That het'rogeneous thing, an Englishman:
In eager rapes, and furious lust begot
Betwixt a painted Britain and a Scot.
Whose gend'ring off-spring quickly learn'd to bow,
And yoke their heifers to the Roman plough:
From whence a mongrel half-bred race there came,
With neither name, nor nation, speech nor fame.
In whose hot veins new mixtures quickly ran,
Infus'd betwixt a Saxon and a Dane
While their rank daughters, to their parents just,
Receiv'd all nations with promiscuous lust.
This nauseous brood directly did contain
The well-extracted blood of Englishmen.
Friday is extremely grateful and becomes Robinson's devoted servant. He learns some English and takes on the Christian religion. For some years the two live happily. Then, another ship of savages arrives with three prisoners. Together Crusoe and Friday are able to save two of them. One is a Spaniard ; the other is Friday's father. Their reunion is very joyous. Both have come from the mainland close by. After a few months, they leave to bring back the rest of the Spaniard's men. Crusoe is happy that his island is being peopled. Before the Spaniard and Friday's father can return, a boat of European men comes ashore. There are three prisoners. While most of the men are exploring the island, Crusoe learns from one that he is the captain of a ship whose crew mutinied. Robinson says he will help them as long as they leave the authority of the island in his hands, and as long as they promise to take Friday and himself to England for free. The agreement is made. Together this little army manages to capture the rest of the crew and retake the captain's ship. Friday and Robinson are taken to England. Even though Crusoe has been gone thirty-five years, he finds that his plantations have done well and he is very wealthy. He gives money to the Portuguese captain and the widow who were so kind to him. He returns to the English countryside and settles there, marrying and having three children. When his wife dies, he once more goes to the sea.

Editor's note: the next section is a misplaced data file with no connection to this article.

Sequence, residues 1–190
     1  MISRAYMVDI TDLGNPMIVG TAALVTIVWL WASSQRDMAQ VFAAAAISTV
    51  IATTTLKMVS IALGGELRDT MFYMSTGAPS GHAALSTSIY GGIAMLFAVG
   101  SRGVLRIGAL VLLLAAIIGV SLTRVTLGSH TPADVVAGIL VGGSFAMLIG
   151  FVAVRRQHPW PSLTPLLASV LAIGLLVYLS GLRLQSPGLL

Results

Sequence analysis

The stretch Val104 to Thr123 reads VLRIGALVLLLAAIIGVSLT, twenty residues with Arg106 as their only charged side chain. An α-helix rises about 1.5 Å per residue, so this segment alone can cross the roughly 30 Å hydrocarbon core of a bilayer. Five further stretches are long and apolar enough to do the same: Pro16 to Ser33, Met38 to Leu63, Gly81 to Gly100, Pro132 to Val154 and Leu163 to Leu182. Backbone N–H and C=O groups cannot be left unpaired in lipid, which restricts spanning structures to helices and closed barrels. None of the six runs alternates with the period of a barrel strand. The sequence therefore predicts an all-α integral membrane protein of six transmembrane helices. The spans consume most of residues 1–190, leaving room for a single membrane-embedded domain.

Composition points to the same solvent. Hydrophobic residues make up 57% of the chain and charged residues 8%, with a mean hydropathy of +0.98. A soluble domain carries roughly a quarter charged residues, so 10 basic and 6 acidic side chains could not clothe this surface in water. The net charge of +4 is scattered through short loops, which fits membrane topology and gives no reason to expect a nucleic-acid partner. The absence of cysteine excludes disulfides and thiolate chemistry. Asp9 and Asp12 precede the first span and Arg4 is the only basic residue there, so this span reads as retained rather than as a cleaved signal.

Published anonymously, and not attributed to Defoe till 1775, Roxana was nonetheless a popular hit in the eighteenth century, frequently reprinted in altered versions to suit the taste of the day: thus the 1775 edition, which called itself The New Roxana , had been sentimentalised to meet the tastes of the day.  Only gradually from the 19th century onwards did the novel begin to be treated as serious literature: Ethel Wilson has been one of the 20th century authors subsequently influenced by its matter-of-factness and freedom from cant.